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Doctor prescribes chemical castration as cure for homosexuality

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Toronto Diary

Doctor prescribes chemical castration as cure for homosexuality

By now, I doubt there's a single serious, respected medical practitioner who actually believes there's a cure for homosexuality. At least, not without a pretty sizable amount of brain surgery, and I think that sits firmly beyond the point of diminishing returns.

Take Dr Mark Craddock, for example: the Australian doctor, and member of the Exclusive Brethren Christian Fellowship Sect, allegedly prescribed a teenaged member of his sect a "cure" for his homosexuality. The only problem, aside from the huge, glaring moral issue that comes with trying to "cure" someone's sexuality, is the fact that he was actually prescribing the poor kid a pill that would chemically castrate him.

In a letter to the NSW Health Care Complaints Commission, the unnamed man, who is now 24, said that when he came out as gay, a church leader told him ''there's medication you can go on." He continued, ''He recommended that I speak to Dr Craddock on the matter with a view to my being placed on medication to help me with my 'problem','' the New Zealand resident said, according to the Sydney Morning Herald.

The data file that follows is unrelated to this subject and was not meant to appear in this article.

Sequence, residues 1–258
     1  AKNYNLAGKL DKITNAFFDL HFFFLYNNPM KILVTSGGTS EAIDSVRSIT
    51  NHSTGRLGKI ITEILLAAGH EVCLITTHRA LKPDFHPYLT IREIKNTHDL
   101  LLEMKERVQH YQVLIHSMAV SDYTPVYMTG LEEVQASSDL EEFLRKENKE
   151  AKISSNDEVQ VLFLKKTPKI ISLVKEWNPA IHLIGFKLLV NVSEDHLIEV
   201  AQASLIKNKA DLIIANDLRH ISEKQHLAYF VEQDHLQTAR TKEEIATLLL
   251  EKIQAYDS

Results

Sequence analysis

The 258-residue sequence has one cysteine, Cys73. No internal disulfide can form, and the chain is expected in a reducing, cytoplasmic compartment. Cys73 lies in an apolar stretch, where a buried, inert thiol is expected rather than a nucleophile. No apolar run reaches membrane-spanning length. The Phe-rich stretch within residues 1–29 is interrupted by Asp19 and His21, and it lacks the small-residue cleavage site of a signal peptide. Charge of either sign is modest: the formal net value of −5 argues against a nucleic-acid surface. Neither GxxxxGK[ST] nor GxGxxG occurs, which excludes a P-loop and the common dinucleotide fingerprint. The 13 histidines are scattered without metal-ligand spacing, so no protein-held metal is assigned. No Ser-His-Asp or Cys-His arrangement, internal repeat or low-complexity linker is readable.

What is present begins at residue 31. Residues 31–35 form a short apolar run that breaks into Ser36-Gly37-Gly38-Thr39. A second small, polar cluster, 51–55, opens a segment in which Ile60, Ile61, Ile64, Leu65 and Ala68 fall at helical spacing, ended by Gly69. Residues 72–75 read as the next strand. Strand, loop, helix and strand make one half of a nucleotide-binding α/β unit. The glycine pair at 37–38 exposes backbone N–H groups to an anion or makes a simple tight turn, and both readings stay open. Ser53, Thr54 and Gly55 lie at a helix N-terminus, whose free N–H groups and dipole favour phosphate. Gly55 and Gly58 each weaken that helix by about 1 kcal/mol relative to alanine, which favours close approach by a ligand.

The teen went to visit the 75-year-old doctor who then prescribed him with a "gay cure": the anti-androgen therapy cyproterone acetate, sold under the brand name Cyprostat, along with five repeats, according to ninemsn. He said the doctor did not refer him to a psychologist or discuss the drug's side effects.  

Cyprostat is a form of hormone therapy used to treat prostate cancer. The drug will "work by stopping testosterone from reaching the cancer cells. Without testosterone the prostate cancer cells are not able to grow," according to the UK's Prostate Cancer Charity. Hormone suppressants have been used to "chemically castrate" sex offenders, the Guardian notes. [via HuffPo]

Wait, what the actual hell? What kind of self-respecting doctor would prescribe a pill that would effectively neuter his patient because of his own personal beliefs? There's a reason the textbook used to train medical interns is something like Gray's Anatomy, rather than the Bible: because when you're jimmying around with the human body, it's best not to base your practices on a book that thinks a woman's periods are brought on by an impure heart.

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